Cuts cause stress at ABC
The CPSU says ABC staff are under “dangerous” levels of workplace stress.
A recent union survey found 70 per cent of 770 ABC staff are experiencing undue stress.
The CPSU says it will enter the ABC's Ultimo headquarters under the Workplace Health and Safety Act to inspect measures for dealing with fallout from its digital restructure, including increased rates of anxiety.
A spokesperson for the ABC has responded to the survey, saying the health and safety of all employees is a key priority for the national broadcaster.
“The policies and practices we have in place are designed to ensure the ongoing safety of all ABC employees through regular training and awareness campaigns,” the station said.
“The most recent enterprise agreement specifically addresses issues around workload intensity and stress. That agreement explicitly allows employees to raise any concerns with their manager for review.”
More than 80 redundancies have been made at the ABC since March, as part of a rejig of current affairs and other scheduling.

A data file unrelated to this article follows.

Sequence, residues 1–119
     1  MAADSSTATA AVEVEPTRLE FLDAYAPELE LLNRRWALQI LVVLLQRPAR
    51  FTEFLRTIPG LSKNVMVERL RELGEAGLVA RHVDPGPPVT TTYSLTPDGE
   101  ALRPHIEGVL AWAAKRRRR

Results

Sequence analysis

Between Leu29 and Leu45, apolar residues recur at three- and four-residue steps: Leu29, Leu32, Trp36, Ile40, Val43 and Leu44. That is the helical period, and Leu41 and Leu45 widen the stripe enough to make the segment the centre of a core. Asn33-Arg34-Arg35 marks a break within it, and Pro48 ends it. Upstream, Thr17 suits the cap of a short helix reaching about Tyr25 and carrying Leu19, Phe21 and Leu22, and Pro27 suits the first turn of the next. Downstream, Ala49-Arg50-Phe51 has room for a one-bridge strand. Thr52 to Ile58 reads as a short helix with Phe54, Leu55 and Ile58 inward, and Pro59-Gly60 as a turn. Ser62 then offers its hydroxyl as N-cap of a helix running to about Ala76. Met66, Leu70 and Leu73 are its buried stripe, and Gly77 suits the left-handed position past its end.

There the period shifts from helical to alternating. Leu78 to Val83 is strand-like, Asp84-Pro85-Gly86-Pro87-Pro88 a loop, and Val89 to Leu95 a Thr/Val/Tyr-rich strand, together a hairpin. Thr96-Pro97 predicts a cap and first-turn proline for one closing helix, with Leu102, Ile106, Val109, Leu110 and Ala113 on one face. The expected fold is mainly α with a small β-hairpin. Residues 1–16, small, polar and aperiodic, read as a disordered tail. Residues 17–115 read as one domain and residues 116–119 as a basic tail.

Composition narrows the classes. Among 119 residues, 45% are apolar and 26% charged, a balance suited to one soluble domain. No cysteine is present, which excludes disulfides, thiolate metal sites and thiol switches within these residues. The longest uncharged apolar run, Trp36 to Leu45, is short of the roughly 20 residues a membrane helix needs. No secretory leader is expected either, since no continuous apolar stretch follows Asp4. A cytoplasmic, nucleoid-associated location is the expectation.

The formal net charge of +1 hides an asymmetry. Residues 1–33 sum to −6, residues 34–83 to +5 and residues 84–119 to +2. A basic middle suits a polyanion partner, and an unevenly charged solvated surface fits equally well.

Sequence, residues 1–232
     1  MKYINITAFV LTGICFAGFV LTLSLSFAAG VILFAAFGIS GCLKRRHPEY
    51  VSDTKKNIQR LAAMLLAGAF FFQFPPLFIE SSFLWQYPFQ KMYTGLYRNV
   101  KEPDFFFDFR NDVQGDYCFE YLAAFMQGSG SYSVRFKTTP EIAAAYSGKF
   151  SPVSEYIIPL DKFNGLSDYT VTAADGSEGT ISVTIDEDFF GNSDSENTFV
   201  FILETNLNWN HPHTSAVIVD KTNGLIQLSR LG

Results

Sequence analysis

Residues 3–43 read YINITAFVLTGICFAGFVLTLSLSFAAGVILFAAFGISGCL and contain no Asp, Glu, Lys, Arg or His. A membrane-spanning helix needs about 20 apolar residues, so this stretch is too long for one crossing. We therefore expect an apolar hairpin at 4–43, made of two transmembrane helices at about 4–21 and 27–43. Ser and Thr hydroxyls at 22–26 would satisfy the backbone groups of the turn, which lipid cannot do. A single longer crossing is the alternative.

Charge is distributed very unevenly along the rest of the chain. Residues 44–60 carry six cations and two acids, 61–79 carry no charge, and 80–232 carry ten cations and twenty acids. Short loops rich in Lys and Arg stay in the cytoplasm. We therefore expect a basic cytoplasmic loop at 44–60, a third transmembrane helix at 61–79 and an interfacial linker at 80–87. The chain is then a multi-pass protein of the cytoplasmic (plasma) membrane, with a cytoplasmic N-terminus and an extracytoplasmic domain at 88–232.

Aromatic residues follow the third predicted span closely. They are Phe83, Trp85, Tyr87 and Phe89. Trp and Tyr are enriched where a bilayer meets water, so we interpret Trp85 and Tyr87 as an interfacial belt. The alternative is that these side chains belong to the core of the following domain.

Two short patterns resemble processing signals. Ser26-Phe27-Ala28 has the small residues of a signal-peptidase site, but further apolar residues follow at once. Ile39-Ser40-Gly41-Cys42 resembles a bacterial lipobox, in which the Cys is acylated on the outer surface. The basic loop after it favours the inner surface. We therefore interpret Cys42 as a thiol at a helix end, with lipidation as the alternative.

Staff in the survey said they are positive about recent investments in regional and rural content, while others felt the broadcaster is facing death by a thousand cuts.
There is also concern about reports that Michelle Guthrie is about to unveil a major restructure.
For now, the union wants the ABC to officially show that it is meeting its health and safety obligations, including meetings with safety representatives.
“Most organisations only go through one or two restructures in a year,” said Sinddy Ealy, the CPSU's ABC secretary.
“This is an organisation that has gone through 12 so far. There's so much instability.”
Ealy said ABC management has not addressed its concerns.
She said over half of ABC staff reported increased workloads this year, and that just 10 per cent trusted the broadcaster's senior leadership.
“When you've got 72 per cent of workers saying; ‘Hey, we're experiencing undue stress levels and it's really impacting on us’, I don't think a workplace can make that an individual problem anymore,” she said.
“It's a cultural problem. And it's one they're not addressing. This is not about taking the ABC to task for the sake of it; this is actually a serious concern about the safety of ABC workers.”
Staff have been reminded of support services whenever there is a round of redundancies, and recently encouraged its LGBTIQ workers to seek support in the wake of reporting on the government's controversial same-sex marriage survey.